9. Why do we think that it’s only today’s politicians that don’t worry about what the decisions they make down the road will cost ‘our grandchildren’?  Let’s face it, most of the infrastructure we have was put into place under politicians who are long out of office or dead, and while they approved the funding, they didn’t look ahead and plan for what do with it once it started falling apart.  So, this has been going on for a lot longer than many people think.
  10. Why does every Michael’s or Joann’s store have leaky ceilings?  I remember my grandma dragging me around to crafts stores as a kid, and every ceiling was covered with water stained tiles.  Now, every so often, my wife drags me to one of the stores, and the ceiling is the same.  Other stores in the same shopping centers are fine, but leaky ceilings in craft stores?  Every single time.

Thoughts?

Does Aldi Stack Up In Terms Of Quality And Taste?

We’ve recently added Aldi as one of the stores we visit regularly to fulfill our grocery shopping needs.  There isn’t one really close to us (7 miles is the closest), but we found that it was worth it and could offer savings for our family.  Last month, Aldi represented about 20% of the money we spent on groceries.

mb-201304groceryAfter buying some items, either once or regularly, I thought it would be interesting to review how the items stacked up against the same items we would buy in a more traditional grocery store.

Here are a few comparisons, with as much information as I can remember:

Read moreDoes Aldi Stack Up In Terms Of Quality And Taste?

Is Flipping A Charity Auction Item Going Too Far?

Our son’s preschool has run a charity auction for a number of years, I believe this was the 12th year.  Being that this is his first year, and our first year involved with the school, we were excited to see what it was all about.

The goal was to raise $5,000 toward the school.  This helps keep the costs relatively low, as well as the fact that it’s a co-op, so they have less staff being that the parents participate.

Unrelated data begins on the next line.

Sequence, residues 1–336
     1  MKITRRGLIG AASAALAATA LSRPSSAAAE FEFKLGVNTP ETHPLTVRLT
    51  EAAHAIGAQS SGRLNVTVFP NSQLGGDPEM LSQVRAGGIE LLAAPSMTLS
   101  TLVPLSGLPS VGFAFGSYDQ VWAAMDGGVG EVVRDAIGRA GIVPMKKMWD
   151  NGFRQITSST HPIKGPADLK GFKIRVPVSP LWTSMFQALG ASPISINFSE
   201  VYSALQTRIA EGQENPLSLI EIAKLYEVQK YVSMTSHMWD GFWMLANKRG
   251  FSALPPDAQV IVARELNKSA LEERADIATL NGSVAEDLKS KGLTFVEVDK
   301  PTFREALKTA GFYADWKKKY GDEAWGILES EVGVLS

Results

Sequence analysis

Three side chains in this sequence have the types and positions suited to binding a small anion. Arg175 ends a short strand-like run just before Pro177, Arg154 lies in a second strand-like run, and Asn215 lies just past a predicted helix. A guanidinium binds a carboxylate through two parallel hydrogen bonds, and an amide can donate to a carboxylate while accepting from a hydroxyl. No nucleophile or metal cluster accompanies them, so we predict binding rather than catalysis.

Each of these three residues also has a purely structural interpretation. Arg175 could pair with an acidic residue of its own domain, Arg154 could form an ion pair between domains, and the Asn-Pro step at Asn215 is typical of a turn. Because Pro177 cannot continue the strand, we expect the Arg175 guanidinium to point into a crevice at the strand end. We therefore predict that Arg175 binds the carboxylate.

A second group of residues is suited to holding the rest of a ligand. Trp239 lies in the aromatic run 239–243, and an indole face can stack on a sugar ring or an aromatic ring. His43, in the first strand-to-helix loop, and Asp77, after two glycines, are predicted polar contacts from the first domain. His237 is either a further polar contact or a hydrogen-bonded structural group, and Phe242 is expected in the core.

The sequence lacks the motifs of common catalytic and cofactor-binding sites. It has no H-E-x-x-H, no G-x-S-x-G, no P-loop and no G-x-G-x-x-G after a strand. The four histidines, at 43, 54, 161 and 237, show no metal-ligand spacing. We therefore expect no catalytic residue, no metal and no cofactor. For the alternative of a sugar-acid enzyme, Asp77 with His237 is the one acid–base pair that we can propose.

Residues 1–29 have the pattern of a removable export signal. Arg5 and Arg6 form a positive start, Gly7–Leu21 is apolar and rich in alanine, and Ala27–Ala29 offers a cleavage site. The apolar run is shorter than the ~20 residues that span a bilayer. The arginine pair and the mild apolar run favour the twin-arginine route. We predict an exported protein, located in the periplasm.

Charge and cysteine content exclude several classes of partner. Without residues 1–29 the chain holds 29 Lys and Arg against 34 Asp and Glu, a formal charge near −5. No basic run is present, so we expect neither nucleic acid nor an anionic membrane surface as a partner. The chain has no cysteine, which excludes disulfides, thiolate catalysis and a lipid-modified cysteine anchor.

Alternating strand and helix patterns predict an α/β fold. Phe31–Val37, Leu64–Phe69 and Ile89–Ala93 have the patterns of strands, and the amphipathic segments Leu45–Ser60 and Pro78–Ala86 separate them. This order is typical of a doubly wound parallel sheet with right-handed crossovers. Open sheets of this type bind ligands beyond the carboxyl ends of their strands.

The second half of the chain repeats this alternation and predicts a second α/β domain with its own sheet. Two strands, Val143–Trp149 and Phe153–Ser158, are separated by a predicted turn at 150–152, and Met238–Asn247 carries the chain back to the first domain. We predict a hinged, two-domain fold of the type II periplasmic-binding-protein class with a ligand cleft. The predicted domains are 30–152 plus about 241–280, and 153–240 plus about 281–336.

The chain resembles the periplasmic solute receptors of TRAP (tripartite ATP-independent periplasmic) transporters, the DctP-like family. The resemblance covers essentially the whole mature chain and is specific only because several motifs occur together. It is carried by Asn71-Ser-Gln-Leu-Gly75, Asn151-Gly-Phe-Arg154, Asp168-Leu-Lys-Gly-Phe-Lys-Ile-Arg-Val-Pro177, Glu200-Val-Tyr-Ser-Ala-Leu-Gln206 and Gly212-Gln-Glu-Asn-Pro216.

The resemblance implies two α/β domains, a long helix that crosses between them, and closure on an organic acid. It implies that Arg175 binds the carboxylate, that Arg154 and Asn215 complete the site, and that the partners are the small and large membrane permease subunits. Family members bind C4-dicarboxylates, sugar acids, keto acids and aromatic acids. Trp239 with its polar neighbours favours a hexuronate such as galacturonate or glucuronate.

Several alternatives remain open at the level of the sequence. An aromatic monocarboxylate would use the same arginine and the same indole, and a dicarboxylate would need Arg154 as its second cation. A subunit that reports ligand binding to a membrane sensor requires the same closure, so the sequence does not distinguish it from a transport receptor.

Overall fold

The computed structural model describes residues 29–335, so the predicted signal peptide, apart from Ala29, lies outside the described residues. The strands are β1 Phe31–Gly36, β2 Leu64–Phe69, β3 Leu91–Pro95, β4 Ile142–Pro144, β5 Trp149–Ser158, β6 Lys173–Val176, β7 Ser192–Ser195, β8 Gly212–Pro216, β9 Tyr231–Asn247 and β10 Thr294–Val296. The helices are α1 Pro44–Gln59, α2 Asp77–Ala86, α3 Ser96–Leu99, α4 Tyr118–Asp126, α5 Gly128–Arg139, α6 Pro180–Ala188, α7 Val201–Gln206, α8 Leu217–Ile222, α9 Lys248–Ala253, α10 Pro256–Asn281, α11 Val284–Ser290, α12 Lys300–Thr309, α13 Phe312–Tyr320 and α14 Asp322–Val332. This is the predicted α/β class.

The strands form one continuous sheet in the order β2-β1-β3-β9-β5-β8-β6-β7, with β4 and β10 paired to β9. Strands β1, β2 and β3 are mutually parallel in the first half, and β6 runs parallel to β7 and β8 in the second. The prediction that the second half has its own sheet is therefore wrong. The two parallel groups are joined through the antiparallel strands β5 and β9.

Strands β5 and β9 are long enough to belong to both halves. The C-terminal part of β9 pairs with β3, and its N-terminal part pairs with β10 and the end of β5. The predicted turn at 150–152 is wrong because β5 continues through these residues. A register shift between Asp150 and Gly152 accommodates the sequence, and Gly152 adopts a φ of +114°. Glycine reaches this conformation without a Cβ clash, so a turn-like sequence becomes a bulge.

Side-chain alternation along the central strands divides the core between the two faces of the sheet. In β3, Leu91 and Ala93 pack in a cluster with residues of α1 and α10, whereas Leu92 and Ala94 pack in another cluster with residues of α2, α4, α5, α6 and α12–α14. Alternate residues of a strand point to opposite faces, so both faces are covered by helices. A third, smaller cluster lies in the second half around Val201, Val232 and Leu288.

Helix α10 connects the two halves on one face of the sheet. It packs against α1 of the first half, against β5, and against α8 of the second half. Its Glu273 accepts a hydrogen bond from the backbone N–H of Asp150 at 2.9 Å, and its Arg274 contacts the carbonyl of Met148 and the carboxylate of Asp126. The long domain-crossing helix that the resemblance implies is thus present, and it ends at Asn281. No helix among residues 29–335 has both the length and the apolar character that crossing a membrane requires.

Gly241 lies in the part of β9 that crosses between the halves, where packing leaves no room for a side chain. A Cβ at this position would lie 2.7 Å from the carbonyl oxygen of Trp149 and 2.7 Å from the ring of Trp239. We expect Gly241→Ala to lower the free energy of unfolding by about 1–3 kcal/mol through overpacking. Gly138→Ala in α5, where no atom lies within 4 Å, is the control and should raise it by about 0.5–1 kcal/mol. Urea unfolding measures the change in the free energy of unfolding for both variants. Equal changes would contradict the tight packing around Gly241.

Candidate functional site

The auction consisted of two different elements, one was buying tickets, and then putting them in buckets corresponding to certain prize draws.  Some of the items included:

Read moreIs Flipping A Charity Auction Item Going Too Far?

There Are Always Savings Opportunities

It’s been a while since I’ve gotten a raise at work.  Quite a long while, actually.  While that in itself is less than optimal (read: it sucks), it gets even worse when you consider that things have gotten more expensive across the board.  Just a few examples:

  • Gas prices have gone up quite a bit
  • Food prices have gone up a lot (or they shrink the packages, which means you have to buy more, so the end result is you pay more)
  • Health insurance premiums have skyrocketed
  • Our mortgage was re-financed.  Even though we are putting over $500 more in principle away each month for a modest $150 increase in the payment, it’s still a cash flow issue.

Read moreThere Are Always Savings Opportunities

The Simple Reason JC Penney’s Pricing Gimmick Failed

It took only 17 months for Ron Johnson be outsted as the CEO of JC Penney. Quite honestly, I’m surprised that it took that long!

When I first heard about the proposed change in the item pricing strategy, I was skeptical.  For those who might have missed the whole thing, Johnson effectively wiped out sales and coupons, two mainstays of JC Penney’s pricing model, and replaced it with ‘fair pricing’ that would lower the everyday prices of all items.  So, instead of a t-shirt being $15, getting marked down 20%, and then being sold for another 20% off with a coupon available in the Sunday insert (making for a total of $9.60 if my math is right), they would price the item at, say, $9.